Three key moments in the life of Linux

Three events that moved Linux forward

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Friday evening can be a very busy time in Citibank’s Changi Business Park office in Singapore. Hundreds of mission-critical applications hit the production servers, security patches are applied, hundreds of professionals including developers, systems engineers, Linux gurus, and management professionals spend the whole night on the conference calls ensuring the smooth functioning of servers at this financial giant. The applications that get life over the weekend have monetary value and therefore require robust servers to host them. These servers need to maximize the utilization of the applications and should have the stability to run for a longer period of time without a reboot. These servers should also have the capability to be scaled up as the infrastructure grows. The bottom line: these enterprise level boxes need to be tough.

We should thank people like Richard Stallman, Bob Young, and Linus Torvalds; companies like Red Hat and Canonical; and organizations like the Linux Foundation for creating and supporting the Linux operating system. The muscle that is today’s data center is built on Linux. The operating system has taken the whole computing world by storm. I would actually go a bit further and say (and it could be statistically and logically proved as well) that the rate at which the information is growing, enterprises would not have survived without the power of Linux. Microsoft Windows server cannot support large scale enterprises with the same efficiency, accurately, and reliability relative to the Linux-based servers.

What made Linux the backbone of data centers? What increased its adoption among enterprises? What made an operating system that was "made by engineers for the engineers" incredibly powerful and brought it to desktops and data centers and everything in between? I have an active interest in business and technology history and drawing from this interest, I think three vital events played an important role in scaling up Linux and can answer the aforementioned questions:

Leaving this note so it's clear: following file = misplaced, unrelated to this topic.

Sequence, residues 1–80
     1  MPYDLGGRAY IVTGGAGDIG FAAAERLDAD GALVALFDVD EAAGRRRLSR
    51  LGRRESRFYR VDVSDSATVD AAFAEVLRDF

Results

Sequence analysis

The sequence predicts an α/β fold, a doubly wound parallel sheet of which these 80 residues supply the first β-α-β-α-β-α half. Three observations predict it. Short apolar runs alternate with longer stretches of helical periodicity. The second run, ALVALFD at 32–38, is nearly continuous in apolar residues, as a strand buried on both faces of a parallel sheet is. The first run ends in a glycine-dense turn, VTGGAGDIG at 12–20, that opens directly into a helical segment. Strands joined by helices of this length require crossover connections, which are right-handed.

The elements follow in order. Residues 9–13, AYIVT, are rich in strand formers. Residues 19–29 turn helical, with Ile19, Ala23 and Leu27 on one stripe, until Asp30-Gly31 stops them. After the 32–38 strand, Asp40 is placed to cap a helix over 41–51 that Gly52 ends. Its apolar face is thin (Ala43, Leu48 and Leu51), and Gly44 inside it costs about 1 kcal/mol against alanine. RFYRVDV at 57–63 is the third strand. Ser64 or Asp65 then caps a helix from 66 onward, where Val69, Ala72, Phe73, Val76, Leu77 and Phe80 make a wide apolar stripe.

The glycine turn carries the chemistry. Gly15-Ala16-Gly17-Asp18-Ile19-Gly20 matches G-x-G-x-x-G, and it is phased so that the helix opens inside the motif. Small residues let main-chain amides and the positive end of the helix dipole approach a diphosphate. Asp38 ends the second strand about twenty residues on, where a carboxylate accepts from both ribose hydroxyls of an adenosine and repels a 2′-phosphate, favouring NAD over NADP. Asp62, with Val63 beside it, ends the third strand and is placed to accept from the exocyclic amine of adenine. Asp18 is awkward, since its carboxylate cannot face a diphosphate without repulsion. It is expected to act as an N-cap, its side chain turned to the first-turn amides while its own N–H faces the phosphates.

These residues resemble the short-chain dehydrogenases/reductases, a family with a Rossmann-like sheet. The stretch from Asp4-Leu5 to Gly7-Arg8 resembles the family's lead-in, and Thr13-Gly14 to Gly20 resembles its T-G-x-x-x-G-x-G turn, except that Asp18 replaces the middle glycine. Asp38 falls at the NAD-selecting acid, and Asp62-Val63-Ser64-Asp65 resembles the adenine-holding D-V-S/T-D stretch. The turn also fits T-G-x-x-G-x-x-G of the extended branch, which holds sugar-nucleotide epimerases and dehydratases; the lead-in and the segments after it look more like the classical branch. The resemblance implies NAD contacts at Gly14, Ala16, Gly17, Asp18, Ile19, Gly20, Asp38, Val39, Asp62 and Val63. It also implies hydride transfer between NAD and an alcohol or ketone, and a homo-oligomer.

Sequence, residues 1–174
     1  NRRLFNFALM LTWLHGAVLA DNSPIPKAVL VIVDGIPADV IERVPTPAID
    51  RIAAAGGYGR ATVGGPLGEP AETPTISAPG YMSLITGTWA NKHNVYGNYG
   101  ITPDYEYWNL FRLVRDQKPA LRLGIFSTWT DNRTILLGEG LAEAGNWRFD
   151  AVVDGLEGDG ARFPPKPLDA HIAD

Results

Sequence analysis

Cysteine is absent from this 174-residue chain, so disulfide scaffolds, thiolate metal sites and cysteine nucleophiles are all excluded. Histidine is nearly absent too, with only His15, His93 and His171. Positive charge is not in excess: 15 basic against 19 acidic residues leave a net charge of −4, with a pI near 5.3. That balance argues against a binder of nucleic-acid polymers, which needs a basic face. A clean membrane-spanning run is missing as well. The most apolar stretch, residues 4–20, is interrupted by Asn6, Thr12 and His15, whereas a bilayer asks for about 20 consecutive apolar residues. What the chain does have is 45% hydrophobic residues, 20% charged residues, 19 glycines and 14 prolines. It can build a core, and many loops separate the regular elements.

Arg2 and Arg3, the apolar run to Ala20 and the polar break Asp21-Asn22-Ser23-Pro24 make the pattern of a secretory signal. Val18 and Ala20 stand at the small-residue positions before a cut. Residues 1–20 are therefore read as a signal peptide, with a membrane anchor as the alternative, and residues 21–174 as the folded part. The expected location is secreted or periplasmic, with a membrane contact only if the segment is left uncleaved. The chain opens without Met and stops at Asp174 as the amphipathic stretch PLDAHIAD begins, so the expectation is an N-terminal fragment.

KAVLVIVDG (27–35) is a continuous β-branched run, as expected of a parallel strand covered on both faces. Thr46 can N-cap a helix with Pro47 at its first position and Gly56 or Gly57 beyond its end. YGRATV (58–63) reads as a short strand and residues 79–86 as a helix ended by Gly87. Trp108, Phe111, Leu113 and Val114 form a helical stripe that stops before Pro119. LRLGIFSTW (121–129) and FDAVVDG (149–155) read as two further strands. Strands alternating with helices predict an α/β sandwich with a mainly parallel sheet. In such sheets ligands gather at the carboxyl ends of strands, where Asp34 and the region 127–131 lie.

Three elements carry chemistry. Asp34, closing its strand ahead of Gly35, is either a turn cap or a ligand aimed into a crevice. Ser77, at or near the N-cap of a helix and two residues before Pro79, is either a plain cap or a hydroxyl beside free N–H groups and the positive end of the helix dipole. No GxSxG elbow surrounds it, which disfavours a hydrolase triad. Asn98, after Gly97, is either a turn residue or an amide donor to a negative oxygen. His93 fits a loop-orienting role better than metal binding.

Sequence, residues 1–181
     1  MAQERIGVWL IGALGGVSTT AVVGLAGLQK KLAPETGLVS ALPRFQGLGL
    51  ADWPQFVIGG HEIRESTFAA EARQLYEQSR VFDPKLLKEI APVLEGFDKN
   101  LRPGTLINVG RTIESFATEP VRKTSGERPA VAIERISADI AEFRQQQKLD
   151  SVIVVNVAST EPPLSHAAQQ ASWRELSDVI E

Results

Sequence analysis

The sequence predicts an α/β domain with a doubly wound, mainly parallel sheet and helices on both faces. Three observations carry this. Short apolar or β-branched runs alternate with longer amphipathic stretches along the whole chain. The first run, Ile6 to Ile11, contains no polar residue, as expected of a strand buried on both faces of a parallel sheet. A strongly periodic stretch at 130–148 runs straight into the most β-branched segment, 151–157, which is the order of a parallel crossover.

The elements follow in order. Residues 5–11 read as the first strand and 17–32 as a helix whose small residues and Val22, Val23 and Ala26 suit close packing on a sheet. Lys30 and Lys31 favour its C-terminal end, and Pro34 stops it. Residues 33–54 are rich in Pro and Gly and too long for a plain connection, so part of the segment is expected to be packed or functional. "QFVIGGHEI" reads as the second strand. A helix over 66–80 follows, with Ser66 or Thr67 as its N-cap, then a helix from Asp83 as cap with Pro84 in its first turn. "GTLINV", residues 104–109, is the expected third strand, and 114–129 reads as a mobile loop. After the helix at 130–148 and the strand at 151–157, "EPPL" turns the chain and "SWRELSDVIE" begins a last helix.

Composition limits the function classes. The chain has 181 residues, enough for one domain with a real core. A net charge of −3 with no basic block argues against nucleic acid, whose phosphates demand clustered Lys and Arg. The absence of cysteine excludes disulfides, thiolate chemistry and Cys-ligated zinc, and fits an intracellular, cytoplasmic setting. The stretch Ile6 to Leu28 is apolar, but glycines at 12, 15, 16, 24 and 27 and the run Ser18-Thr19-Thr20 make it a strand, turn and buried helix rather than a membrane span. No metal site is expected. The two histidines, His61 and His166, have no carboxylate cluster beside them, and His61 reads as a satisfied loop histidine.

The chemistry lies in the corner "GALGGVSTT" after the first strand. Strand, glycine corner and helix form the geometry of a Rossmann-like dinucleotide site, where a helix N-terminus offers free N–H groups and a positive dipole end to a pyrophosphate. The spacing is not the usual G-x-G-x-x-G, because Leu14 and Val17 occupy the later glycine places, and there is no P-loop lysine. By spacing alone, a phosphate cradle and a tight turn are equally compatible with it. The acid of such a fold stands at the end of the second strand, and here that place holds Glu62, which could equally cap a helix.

Helsinki and Boston cross pathes on the internet in 1991. Linux, as an operating system evolved from a kernel created by Linus Torvalds, a student at that time at University of Helsinki. Linus was using an operating system called Minix and suggested changes to Andrew Tanenbaum, the creater of Minix. Andrew rejected the suggestions and as a result, Linus created his own kernel. The takeaway here was that Linus took into account the suggestions of users for improvement of the kernel. Years before, the idea of involving users to improve the software was being pioneered by Richard Stallman, one of the top software philosophers in the world. Stallman left MIT where he was working at that time and founded GNU with a goal of producing free software. Free, here, was in terms of freedom and not cost. In the year 1991, the conducive conditions existed that would create Linux and start its spread. Linus in Helsinki had the kernel but no shell, libraries, or compiler. Stallman, in Boston had necessary programs that could be wrapped around an operating system. With the distance involved, the only way to get the Linux program together with the GNU programs was internet. The growth of internet from that point played a major role in adoption of Linux. In the words of Richard Stallman: “The Internet would also be crucial in Linux’s subsequent development as the means of coordinating the work of all the developers that have made Linux into what it is today.”

IBM and Linux become friends in 1998. When Linux was still within hacker fringes of the Internet, IBM had no interest in investing in a new operating system. Although it was a risky proposition for the king of proprietary software offerings, Linux had one attraction. It could prove competitive for Microsoft. Around 1998, IBM started researching Linux and got involved with the open source community. A successful stint with Apache project was encouraging enough for the company to put their dollars in Linux. Big Blue knew that Linux was gaining popularity not only among the computer science students but also for a lot of businesses. From getting involved in the community to helping improve the operating system security through code testing, defect management, community nurturing and even open sourcing some of its own code, the software giant recently announced its commitment of $1 billion to promote Linux. This adoption and involvement of IBM in Linux encouraged a lot of big businesses to formulate their Linux strategies.

Red Hat disrupts technology industry in 2001. Red Hat Linux, at one point, was primarily a desktop application until Red Hat forked into Red Hat Enterprise Linux (RHEL) and Fedora. Paul Cormier, in 2001, re-examined the business model to pitch Red Hat Linux to big businesses. The task at hand was to adhere to the open source principles and at the same time scale up to compete with Microsofts and Oracles of the world. The solution was keep the source code free but compile the bits and bytes to enterprise class. The result was RHEL. Red Hat’s enterprise offerings have now diversified, including Red Hat Satellite, adding immense value to large enterprises in terms of speed, reliability, and scalability.



About the author

Aseem Sharma - Aseem is a graduate of Conrad Business, Entrepreneurship and Technology Center, Faculty of Engineering, University of Waterloo, Canada. He also holds a masters in computers application from Guru Nanak Dev University, Punjab, India. On, he serves as an author. He also blogs at